The other thing the taxpayers might want to remember is that part of the propaganda to pass the 100 million dollar bond issue was a promise to have Vo-Tech be a part of their big fancy cow barn they are building in the middle of the parking lot at the high school.

Oregon Geek

Some of the information about the "middle school feeder" program to the Horticulture program at the High School is incorrect. Patton Middle School is the only middle school with greenhouse or horticulture classes. This class has been offered for 5 years, not a decade, and has an enrollment of 40-45 students each year.


Jim, I too think it's important to continue offering Ag options in the High School, but I'm not sure the blame for declining enrollment can be directed at staff or district administration. Hort in particular has seen a continued decline in student interest even at the University level (OSU). Part of the problem is the industry itself in the way of wages and opportunities for advancement..Another issue is the current wage and hour laws restrict young people from working even summer jobs on local farms and nurserys. Horticultural is possibly the largest employer in agriculture, and to eliminate a curriculum that opens the door to a significant portion of the economy is short sighted.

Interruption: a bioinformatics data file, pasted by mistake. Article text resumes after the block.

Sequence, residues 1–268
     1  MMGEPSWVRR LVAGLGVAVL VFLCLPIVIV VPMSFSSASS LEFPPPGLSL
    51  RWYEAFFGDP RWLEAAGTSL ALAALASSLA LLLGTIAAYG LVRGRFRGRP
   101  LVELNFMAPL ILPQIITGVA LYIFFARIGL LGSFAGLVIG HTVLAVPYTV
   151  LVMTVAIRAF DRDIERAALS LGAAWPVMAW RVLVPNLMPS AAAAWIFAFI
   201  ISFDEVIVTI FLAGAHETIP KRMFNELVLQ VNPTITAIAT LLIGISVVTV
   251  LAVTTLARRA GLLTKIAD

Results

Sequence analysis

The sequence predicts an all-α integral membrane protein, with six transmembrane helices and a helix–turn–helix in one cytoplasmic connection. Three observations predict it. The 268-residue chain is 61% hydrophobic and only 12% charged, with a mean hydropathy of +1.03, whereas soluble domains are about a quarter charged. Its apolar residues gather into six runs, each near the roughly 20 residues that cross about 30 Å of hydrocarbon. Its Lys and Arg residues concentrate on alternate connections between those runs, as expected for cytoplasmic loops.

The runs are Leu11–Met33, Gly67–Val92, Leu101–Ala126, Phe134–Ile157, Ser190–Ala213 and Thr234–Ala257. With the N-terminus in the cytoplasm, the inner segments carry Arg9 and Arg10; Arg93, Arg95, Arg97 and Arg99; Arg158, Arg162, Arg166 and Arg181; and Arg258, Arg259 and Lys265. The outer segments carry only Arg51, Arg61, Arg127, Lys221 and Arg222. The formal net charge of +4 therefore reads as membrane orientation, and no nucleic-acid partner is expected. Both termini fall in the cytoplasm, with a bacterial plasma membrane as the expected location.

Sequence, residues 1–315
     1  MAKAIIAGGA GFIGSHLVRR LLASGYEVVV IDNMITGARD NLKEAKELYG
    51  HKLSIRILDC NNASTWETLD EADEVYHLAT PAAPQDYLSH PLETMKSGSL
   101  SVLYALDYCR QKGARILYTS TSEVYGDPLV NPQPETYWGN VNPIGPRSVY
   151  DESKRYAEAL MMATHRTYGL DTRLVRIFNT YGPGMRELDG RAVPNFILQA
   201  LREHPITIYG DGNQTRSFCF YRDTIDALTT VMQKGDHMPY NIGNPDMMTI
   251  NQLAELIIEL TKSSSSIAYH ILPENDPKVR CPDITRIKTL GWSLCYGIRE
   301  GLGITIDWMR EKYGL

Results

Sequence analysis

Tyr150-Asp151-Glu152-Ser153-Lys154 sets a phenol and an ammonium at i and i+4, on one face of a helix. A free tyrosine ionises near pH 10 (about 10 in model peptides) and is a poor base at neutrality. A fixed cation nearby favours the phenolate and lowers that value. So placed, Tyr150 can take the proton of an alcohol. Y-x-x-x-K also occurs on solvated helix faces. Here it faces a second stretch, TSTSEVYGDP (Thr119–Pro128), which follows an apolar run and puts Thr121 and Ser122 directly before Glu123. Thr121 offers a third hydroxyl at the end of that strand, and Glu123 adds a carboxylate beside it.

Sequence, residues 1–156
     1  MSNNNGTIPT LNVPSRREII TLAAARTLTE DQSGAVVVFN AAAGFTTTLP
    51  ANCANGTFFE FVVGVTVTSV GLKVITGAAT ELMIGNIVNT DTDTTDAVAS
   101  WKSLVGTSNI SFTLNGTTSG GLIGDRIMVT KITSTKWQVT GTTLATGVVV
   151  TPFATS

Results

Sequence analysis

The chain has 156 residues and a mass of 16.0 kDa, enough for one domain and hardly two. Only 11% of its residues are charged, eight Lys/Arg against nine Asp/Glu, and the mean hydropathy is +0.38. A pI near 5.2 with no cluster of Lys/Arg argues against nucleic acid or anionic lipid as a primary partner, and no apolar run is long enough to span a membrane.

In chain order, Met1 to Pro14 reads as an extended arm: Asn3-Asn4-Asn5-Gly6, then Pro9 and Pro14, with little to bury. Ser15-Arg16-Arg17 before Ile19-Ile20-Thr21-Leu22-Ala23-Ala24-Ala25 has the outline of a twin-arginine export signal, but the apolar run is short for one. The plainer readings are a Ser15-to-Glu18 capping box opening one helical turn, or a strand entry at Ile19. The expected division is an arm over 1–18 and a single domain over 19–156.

Tagup one of the selling points for the bond was more Voc/Tech. When you drop FFA and horticulture in this Ag based community it's a not right. They also have no mechanical programs such as auto shop or diesel mechanics and there is a huge need for those jobs in our area now. They pay well and are in high demand. As far as blaming the administration for low numbers I don't know where else to look. You have lots of students in ESEA and robotics and that has been the focus instead of all of our students needs. We have almost 2000 students in high school so 5% would give you 100 for Ag programs. I don't buy it. Remember Field of Dreams "build it and they will come."